ING U.S., the American insurance unit of ING Groep (INGA), plans to raise as much as $1.54 billion in an initial public offering as its Dutch parent focuses on operations at home.
The unit and its parent are offering 64.2 million shares for $21 to $24 apiece, the company said Tuesday in a regulatory filing. The Amsterdam-based parent will own 75% of ING U.S. after the IPO, the filing showed. The U.S. unit plans to change its name to Voya Financial following the IPO.
At the midpoint of the range, ING U.S.'s market value would be about $5.78 billion, according to data compiled by Bloomberg. ING Groep, which has to sell the unit by year-end under the conditions of its 2008 bailout, aims to complete the sale after U.S. stocks have risen to record levels and volatility in the market has subsided.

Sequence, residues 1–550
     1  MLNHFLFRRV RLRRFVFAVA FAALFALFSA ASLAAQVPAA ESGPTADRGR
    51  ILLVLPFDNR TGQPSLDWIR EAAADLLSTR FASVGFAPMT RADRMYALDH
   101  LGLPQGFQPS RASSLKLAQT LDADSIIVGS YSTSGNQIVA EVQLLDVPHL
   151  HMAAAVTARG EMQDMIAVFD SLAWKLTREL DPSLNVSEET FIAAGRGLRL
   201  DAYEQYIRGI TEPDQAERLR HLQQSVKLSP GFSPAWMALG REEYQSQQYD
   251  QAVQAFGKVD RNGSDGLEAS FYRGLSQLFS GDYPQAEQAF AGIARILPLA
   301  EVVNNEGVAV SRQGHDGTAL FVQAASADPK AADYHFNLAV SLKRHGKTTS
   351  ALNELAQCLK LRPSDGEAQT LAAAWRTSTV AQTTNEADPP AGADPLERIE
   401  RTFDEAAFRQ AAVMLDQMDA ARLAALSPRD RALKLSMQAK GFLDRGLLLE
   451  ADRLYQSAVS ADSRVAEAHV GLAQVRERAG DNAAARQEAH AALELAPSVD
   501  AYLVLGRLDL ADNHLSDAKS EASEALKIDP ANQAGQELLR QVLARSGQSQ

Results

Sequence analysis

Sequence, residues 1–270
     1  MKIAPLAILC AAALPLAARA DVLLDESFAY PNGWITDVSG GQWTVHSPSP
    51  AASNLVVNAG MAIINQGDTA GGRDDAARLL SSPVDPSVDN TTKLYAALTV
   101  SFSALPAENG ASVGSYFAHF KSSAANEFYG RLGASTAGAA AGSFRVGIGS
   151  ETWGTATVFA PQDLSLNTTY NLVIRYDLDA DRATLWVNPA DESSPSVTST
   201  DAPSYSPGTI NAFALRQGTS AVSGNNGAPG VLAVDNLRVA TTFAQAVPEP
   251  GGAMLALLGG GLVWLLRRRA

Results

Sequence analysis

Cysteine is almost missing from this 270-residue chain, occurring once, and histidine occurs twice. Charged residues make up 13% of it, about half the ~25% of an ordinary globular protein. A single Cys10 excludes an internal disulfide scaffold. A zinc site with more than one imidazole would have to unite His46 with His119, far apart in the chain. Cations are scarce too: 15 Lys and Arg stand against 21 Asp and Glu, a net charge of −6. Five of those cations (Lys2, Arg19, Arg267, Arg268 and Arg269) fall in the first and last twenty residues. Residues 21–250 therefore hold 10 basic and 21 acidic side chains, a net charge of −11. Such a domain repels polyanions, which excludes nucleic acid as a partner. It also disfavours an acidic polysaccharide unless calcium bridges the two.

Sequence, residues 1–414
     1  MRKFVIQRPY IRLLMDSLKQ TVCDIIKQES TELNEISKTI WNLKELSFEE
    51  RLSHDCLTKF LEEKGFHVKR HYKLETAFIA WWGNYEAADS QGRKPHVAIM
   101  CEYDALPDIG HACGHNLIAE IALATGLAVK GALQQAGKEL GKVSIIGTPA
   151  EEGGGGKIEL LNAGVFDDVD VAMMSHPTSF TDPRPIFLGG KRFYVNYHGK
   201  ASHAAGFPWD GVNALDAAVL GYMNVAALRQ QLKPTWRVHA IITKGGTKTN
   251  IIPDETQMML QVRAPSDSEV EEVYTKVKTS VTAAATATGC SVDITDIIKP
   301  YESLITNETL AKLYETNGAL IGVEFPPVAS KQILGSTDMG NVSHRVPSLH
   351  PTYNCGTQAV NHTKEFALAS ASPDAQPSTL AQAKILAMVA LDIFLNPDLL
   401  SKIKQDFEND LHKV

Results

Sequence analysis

At the top of the price range, ING U.S.'s IPO would be the second-largest in the U.S. this year, behind the $2.6 billion initial offer by Pfizer's animal-health unit Zoetis in January, data compiled by Bloomberg show.
Depending on the final price of the offering, the number of shares sold by the parent and unit will be adjusted to make the unit's gross proceeds equal to $600 million, the filing showed. The company plans to list on the New York Stock Exchange under the symbol VOYA.
ING U.S. offers life insurance, savings products and annuities, and had about 13 million customers as of Dec. 31, according to a regulatory filing. Rivals include MetLife (MET), the largest U.S. life insurer, and Prudential Financial (PRU), ranked No. 2.
Interest rates near record lows have pressured profits at life insurers, which invest premiums from clients in bonds and other assets. Slow economic growth in the U.S. and Europe has pressured sales, Moody's Investors Service said in a January report.